Opulent, majestic, creative and revealing Farewell, My Queen delivers a nicely directed piece of historic French lore. The movie features outstanding performances by Lea Seydoux and Diane Kruger and brilliantly captures the fervor and wickedness surrounding the days before the French Revolution in 1789. Filming, sets and costumes are exceptional creating an atmosphere that charms yet appalls.
The story takes place just prior to major outbreaks of the French Revolution with the aristocracy being blamed for the lack of staples most evident, bread. With constant outbursts by the commoners, signs calling for the abdication of the throne of King Louis the XVI and spies infiltrating the castle, the signs are showing for impending doom. In the middle of the chaos we see Queen Marie Antoinette (Kruger) finding herself being admonished by an unforgiving people who are being lead into a life of abject poverty.
During this tumultuous time her personal reader and lady-in-waiting Sidonie Laborde (Seydoux) has stayed by the queen’s side giving her comfort. But, things are happening fast and the Queen’s best friend and suspected lover Gabrielle de Polignac (Virginie Ledoyen) has been added to the list of the people to be executed for her wealth. During an emotional scene, the Queen asks Sidonie to perform a special favor involving Gabrielle that could lead to her book reader’s death.
The tale vacillates between poignant and corruption as the King and his Court decide the fate of everyone around them. I like the way director Benoît Jacquot uses the dark dank castle to carry out his play. The cold walls and dingy rooms of the servants clash with the luxurious Queen’s chambers and the King’s throne room giving the feel of the greedy rich showing disdain for their servers, personal attendants and citizens. Jacquot spools out his story slowly giving his audience a chance to feel the hatred and confusion growing into what will become the bloodiest rebellion of that era.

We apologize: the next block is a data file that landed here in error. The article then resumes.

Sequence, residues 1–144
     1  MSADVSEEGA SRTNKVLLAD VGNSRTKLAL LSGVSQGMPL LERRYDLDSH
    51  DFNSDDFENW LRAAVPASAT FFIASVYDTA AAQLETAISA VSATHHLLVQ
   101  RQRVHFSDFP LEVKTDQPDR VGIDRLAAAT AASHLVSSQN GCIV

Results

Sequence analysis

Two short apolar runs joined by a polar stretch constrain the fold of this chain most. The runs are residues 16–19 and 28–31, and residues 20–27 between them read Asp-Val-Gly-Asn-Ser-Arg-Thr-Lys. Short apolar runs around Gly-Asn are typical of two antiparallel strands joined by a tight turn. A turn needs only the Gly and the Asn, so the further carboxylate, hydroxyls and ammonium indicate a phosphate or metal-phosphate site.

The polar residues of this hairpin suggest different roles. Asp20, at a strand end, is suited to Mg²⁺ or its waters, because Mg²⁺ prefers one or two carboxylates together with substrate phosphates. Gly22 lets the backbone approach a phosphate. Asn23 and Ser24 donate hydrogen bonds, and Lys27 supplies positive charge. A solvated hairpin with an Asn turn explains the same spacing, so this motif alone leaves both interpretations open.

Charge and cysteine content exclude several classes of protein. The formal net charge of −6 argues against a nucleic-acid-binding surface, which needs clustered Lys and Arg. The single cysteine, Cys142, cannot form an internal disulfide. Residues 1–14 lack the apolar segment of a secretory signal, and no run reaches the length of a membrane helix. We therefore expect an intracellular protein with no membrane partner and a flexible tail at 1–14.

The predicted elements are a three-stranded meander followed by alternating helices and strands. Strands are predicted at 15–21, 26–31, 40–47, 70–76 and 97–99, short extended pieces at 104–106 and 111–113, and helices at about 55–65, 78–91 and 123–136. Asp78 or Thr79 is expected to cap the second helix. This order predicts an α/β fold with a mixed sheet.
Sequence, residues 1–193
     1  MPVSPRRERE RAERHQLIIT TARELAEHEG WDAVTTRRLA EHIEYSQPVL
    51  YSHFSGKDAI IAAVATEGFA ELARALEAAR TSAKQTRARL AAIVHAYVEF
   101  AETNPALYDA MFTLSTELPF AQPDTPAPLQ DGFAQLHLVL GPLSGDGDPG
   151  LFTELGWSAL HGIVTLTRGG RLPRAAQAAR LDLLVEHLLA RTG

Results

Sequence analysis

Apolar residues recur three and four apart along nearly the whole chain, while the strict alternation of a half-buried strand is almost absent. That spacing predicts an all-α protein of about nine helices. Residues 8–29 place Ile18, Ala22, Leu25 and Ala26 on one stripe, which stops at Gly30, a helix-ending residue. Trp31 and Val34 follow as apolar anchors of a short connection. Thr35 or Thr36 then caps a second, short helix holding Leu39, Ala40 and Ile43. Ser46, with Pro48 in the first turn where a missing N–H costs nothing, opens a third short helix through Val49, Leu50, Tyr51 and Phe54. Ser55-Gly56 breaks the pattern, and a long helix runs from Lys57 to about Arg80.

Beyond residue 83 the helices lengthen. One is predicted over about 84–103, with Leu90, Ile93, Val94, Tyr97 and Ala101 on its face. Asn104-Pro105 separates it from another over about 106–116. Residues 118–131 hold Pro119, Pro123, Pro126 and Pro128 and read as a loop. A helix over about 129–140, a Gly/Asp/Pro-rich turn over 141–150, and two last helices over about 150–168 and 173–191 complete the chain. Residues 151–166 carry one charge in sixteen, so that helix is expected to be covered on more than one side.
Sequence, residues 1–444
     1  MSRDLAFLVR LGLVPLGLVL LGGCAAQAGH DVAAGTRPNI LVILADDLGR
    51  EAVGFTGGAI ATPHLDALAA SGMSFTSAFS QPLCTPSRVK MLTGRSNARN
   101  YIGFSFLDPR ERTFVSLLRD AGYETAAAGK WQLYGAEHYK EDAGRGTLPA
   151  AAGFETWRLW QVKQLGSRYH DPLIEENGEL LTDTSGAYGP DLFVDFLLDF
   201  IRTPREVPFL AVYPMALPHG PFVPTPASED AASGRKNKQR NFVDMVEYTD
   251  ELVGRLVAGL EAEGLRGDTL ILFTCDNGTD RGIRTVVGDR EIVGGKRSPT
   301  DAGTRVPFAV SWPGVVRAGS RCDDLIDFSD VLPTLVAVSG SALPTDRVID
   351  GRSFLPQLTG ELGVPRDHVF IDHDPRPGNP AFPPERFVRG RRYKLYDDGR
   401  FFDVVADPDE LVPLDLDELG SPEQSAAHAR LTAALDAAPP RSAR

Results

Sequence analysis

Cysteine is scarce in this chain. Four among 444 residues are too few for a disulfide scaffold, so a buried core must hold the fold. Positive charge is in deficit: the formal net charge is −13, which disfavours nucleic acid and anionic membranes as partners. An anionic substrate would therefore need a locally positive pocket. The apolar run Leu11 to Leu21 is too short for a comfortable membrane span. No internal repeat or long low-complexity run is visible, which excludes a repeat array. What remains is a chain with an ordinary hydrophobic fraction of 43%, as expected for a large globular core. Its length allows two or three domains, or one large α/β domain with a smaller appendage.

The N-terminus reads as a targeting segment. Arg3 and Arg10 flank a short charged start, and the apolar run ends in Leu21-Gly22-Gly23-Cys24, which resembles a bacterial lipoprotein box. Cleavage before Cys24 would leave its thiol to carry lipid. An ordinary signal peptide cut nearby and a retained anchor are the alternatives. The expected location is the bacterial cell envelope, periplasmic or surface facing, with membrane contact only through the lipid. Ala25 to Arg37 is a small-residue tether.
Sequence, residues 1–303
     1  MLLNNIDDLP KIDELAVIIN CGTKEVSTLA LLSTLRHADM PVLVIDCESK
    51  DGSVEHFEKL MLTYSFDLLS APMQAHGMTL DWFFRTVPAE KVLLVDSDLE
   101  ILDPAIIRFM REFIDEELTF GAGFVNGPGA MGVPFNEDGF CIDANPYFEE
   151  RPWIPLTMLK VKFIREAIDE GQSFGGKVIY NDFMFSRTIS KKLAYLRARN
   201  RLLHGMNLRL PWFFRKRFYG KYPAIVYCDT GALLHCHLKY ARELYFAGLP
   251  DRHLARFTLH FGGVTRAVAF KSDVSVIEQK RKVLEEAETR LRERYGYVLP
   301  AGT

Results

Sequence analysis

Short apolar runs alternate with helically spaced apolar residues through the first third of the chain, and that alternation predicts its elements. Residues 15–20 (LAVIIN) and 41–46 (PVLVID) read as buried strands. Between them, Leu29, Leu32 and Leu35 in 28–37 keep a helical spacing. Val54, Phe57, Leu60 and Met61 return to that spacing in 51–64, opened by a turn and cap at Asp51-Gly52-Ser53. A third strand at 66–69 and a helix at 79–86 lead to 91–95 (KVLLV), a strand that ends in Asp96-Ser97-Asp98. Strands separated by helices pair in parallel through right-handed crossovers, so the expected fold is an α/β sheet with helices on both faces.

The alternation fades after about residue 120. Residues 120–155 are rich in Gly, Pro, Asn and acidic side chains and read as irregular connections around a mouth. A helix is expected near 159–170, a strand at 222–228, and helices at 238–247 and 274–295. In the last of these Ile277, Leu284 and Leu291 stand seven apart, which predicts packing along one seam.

Seydoux gives a striking performance as the lady who loves her queen so much that she will offer her life at Antoinette’s command. She’s the thread that weaves throughout the film connecting the characters and showing their slow downfall into an abyss of no return. Through her eyes we see the wicked, unfaithful and avaricious as well as the loyal, hardworking members of the royal court.
A passionate performance by Diane Kruger as the faithful queen on a path that will lead to her horrific demise provides admiration, lust, sorrow and then anger for her unwitting fall from power. Director Jacquot uses her talent well drawing attention to Kruger’s many faces of Marie Antoinette.
The costumes, sets and cinematography bring you into an era of toil versus power while poverty attempts to conquer greed. The servants garb, while tidy show wear and tear, the kings officers are spit and polished, the Queen wears impressive gowns and the king sports upscale togs of the time. The people are wearing drab attire that barely holds the warmth during this period of damp and dreary days. Camera angles catch the close-ups of the beleaguered servants as they move through the clammy stone walled castle halls and whisper their gossip to each other.
Farewell, My Queen has been rated R by the MPAA for brief graphic nudity and language. The film is presented in French with English subtitles.
FINAL ANALYSIS: A poignant film with an amazing cast. ★★★★★★
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